I just wanna share a few things about blogging and social media. Because it’s a thing I like to do. Like drinking Dunkin’ Donuts I guess. It gets me buzzin’!
My last post was a 3-part series about transforming social media, so this topic has been at the forefront of my mind. Is that the frontal lobe place? Wherever. It’s in there, and the caffeine has access to it, ‘nuff said.
So with that, I want to share three other perspectives about social media. These three basically underscore my original impetus for writing that 3-part series: social media should just end.
The first article that you should read (after you finish mine, of course) is called Bring Back Web 1.0
It is awesome.
The writing is very…inviting. I wanted to cozy up and listen to more. I almost skipped it; sure glad I didn’t. Read: don’t skip it. It may appeal to older folks like me due to nostalgia. But read it nonetheless and educate yourself a bit. (Then go watch “You’ve Got Mail” starring Tom Hanks.)
The second article is by author and blogger, Cheri Baker, who resides in Seattle (far different climate than my West Texas flavor). I somehow discovered her post last year, Can we make the internet fun again?
The answer is…I’ll let you go read her post to find out!
Cheri’s article did that thing to me where your mind tingles like a struck tuning fork. (Sorry, my simile powers are feeling weak at the moment, like most moments.)
And now the third article, which I found via Cheri’s blog post (see, there’s that wonderful link-a-doodle thing again). It’s written in the New York Post by none other than Cal Newport, one of my internet idols. He’s a computer tech nerd-geek, like me, who never had a social media account, unlike me.
You see, I’m trying out micro.blog and have looked into the IndieWeb
a lot. I like to think I’m tech savvy, but even some of that stuff intimidates me. But anyways, Cal in his article, Can “Indie” Social Media Save Us?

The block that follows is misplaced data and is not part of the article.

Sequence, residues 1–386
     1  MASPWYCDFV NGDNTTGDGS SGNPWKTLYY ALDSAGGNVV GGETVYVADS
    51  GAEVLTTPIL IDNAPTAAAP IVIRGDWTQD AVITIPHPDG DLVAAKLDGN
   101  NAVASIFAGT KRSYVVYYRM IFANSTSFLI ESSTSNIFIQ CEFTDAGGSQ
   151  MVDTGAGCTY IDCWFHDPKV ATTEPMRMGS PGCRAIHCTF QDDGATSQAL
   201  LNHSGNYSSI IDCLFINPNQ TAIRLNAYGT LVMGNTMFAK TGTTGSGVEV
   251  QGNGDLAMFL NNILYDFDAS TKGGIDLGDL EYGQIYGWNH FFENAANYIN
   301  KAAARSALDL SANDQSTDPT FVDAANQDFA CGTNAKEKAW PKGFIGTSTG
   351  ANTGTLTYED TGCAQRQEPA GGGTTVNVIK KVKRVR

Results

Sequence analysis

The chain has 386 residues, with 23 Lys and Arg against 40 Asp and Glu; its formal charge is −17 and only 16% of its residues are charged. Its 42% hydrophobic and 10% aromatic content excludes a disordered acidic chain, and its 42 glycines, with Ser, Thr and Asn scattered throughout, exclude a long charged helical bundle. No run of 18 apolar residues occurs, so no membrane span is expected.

, superbly lays out his thoughts on the matter.
The answer, this time I’ll say, is a qualified “Yes.” The IndyWeb can save social media, but not at the large scale of current social media. It’s smaller, more niche, and that is a strength if you ask me.
“Despite its advantages, however, I suspect that the IndieWeb will not succeed in replacing existing social-media platforms at their current scale.”
On top of that, more importantly, Cal says that most people by this point, wary of social media in general, just won’t be interested in any other new form of it. They will move on. Some already have!
“It may be, too, that people who are uneasy about social media aren’t looking for a better version of it but are instead ready to permanently reduce the role that smartphone screens play in their lives.”
That’s good! This is what I hope for and what I think is happening. People feel disenchanted by the big social networks. And rather than trying a new or different one, they likely won’t care to try at all. Who would blame them?
In my 3 part article, although I had set out to say social media should be eradicated, I ended up thinking it was unlikely that people would abandon social media. We’re all too addicted. It’s too sticky.
So I reasoned that since we’re likely stuck with social media, then it must be transformed into a far better version than what’s current. The IndyWeb-principled micro.blog and the like are potential alternatives.
But as Cal Newport wrote in the New Yorker, maybe people really are so disillusioned with social media that they’re willing to wean off their dopamine addiction. That means everyone can still surf the underlying open web outside the social media silos.
Just Say No To Drugs
Let’s take this back to blogs, because I’m still enchanted with them. Blogging, web 1.0
, is still around. And like the linked article states, blogs only die off as much as bloggers allow themselves to get sucked into the pithy drivel of social media. I’m guilty of that!
I started to refocus on my blogging. I’ve socialmediadistanced. And now I’m about to do a hard thing. You see, I deleted the Facebook, Instagram, and WhatsApp apps from my phone. And I’ve even deleted those services entirely before.
But the one I’ve always held onto is Twitter. So to go with my 30 day trial break-time from social media, I am now deleting the Twitter app from my phone! My daily dose of dopamine and snark is about to come to a screeching halt! I’m skeered.
Wish me luck.